PEOPLE v. DUNBAR

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Supreme Court, Appellate Division, First Department, New York.

The PEOPLE of the State of New York, Respondent, v. Kevin DUNBAR, Defendants-Appellant.

The PEOPLE of the State of New York, Respondent, v. Rafael SANTANA, Defendant-Appellant.

Decided: June 17, 1997

Before MILONAS, J.P., and ELLERIN, NARDELLI, WILLIAMS and MAZZARELLI, JJ. Sylvia Wertheimer, New York City, for Respondent. Arza Rayches Feldman, Hauppauge, for Kevin Dunbar. Louis S. Russi, New York City, for Rafael Santana.

Judgment, Supreme Court, New York County (Richard Lowe, III, J.), rendered July 15, 1993, convicting defendant Dunbar, upon his plea of guilty, of conspiracy in the second degree, and sentencing him, as a second felony offender, to a term of 4 to 8 years, and judgment, same court and Justice, rendered May 11, 1993, convicting defendant Santana, upon his plea of guilty, of two counts of conspiracy in the second degree, and sentencing him, as a second felony offender, to consecutive terms of 7 1/2 to 15 years, unanimously affirmed.

 By entry of a guilty plea, each defendant waived any claim of error by the trial court in determining admissibility at trial of statements of a codefendant, not a party to this appeal, under the declarations against penal interest exception to the hearsay rule (People v. Taylor, 65 N.Y.2d 1, 5, 489 N.Y.S.2d 152, 478 N.E.2d 755), as well as any claim of a right to be present at a proceeding to determine the availability of the codefendant in question (see, People v. Henderson, 233 A.D.2d 253, 650 N.Y.S.2d 640).

 Similarly, by entry of a guilty plea, defendant Santana waived any claim of error regarding determinations of the audibility of various audiotapes (People v. Taylor, supra ), and thus his claim that his fundamental right to appeal was denied by the unavailability of the stenographic minutes regarding an adjournment date during the continuance of the audibility hearings is rendered academic.

 Contrary to defendant Santana's argument, the record adequately sets forth the suppression court's findings of fact and conclusions of law in connection with his Huntley application and supports the court's determination that the statements in question were made voluntarily, after proper administration and waiver of the Miranda rights.   Implicit in the court's determination is a proper finding that the failure of the New York City detectives, who administered the Miranda warnings and asked defendant Santana if he had any information to offer regarding past or planned crimes in New York City, to identify themselves specifically as New York City detectives did not constitute a deception so fundamentally unfair as to render defendant Santana's statements involuntary (People v. Tankleff, 84 N.Y.2d 992, 622 N.Y.S.2d 503, 646 N.E.2d 805).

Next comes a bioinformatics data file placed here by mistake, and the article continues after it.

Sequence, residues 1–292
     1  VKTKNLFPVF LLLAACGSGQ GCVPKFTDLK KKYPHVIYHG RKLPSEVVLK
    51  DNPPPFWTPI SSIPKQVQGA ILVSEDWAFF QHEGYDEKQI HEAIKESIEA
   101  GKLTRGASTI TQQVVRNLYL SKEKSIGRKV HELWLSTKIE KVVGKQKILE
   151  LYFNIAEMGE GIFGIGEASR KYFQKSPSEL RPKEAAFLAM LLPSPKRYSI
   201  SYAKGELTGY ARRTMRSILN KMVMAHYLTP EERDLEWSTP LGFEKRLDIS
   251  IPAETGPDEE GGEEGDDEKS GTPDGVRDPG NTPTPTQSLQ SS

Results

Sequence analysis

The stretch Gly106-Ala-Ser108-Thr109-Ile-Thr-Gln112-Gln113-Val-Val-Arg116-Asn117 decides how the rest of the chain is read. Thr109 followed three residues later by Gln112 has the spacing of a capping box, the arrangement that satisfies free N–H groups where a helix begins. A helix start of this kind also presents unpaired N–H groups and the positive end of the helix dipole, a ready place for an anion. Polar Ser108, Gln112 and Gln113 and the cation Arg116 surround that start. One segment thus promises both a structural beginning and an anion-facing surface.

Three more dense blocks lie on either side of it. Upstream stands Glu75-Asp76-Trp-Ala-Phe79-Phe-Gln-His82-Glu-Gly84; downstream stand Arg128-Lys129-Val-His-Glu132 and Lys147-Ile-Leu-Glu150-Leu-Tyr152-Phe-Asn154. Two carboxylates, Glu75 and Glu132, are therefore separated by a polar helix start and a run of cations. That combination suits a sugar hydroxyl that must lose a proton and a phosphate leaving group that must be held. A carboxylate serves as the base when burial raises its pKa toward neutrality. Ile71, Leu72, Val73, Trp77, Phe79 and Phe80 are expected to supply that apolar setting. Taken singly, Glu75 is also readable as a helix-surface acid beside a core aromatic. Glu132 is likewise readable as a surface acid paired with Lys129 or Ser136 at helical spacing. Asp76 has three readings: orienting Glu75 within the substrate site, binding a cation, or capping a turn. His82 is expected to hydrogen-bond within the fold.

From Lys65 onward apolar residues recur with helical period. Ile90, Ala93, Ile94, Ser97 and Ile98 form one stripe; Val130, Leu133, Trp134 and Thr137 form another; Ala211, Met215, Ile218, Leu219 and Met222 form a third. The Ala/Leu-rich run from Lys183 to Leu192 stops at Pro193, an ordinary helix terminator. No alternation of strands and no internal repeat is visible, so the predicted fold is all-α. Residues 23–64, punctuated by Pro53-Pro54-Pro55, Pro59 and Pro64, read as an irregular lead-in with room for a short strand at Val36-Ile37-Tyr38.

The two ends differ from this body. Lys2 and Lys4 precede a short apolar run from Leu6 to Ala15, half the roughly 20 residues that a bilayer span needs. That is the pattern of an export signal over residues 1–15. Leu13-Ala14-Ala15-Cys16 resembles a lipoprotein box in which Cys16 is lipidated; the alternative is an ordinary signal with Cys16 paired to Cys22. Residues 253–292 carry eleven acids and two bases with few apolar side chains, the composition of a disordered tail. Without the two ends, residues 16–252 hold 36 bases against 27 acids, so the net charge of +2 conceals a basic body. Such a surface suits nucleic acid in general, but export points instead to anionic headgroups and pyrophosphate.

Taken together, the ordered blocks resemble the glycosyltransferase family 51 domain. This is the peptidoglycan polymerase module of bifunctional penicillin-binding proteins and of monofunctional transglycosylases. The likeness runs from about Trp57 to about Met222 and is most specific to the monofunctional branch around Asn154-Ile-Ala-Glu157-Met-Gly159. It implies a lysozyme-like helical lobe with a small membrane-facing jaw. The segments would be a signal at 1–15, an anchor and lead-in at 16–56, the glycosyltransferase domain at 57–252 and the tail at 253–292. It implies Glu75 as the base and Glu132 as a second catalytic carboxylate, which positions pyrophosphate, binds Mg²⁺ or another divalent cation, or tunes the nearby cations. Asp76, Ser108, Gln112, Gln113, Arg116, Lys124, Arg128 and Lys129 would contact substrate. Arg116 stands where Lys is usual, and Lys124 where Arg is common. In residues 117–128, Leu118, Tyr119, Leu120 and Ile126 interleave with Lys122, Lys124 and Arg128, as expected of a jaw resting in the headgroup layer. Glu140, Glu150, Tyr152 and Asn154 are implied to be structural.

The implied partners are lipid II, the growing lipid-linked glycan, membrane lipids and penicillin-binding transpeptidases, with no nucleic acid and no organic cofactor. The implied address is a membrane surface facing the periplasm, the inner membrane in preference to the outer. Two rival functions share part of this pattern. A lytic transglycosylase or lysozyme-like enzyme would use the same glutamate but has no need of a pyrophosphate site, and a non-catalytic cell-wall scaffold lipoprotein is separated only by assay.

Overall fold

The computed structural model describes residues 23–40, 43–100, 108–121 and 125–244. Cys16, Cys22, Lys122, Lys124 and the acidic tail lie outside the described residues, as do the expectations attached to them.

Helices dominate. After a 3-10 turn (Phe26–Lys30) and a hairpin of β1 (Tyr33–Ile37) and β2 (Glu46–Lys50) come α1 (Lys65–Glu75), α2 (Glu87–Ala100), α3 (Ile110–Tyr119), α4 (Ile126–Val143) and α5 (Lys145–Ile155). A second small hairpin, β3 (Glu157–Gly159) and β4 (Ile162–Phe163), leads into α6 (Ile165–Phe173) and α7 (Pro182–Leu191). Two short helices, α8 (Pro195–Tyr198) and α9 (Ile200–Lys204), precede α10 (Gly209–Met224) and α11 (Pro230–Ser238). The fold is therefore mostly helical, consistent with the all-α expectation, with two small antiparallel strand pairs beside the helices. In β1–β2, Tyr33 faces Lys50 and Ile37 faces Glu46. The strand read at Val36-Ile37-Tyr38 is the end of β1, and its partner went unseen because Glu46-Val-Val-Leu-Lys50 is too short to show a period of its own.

By failing to join in the codefendant's application for a Darden hearing, defendant Dunbar may not properly claim error in connection with determination of the issue (CPL 710.70[3] ).  In any event, any claim of error in connection with such a preliminary ruling does not survive entry of a guilty plea (see, People v. Petgen, 55 N.Y.2d 529, 450 N.Y.S.2d 299, 435 N.E.2d 669).

 Contrary to defendant Dunbar's claim, the record contains the stenographic minutes of his plea allocution, which indicate that he entered a knowing, intelligent and voluntary guilty plea.   Further, in the absence of any showing of some fault on the part of the People, the mere unavailability of the stenographic minutes of defendant Dunbar's sentencing proceeding does not automatically so frustrate the fundamental right to appeal that reversal is required (People v. Rivera, 39 N.Y.2d 519, 384 N.Y.S.2d 726, 349 N.E.2d 825).   In this connection, the presumption of regularity that attaches to judicial proceedings is supported by the fact that defendant Dunbar received the negotiated sentence, and his failure to suggest any appealable issue arising out of the sentencing procedure defeats his claim that the unavailability of the sentencing minutes has deprived him of his fundamental right to appeal (see, People v. Glass, 43 N.Y.2d 283, 401 N.Y.S.2d 189, 372 N.E.2d 24).

MEMORANDUM DECISION.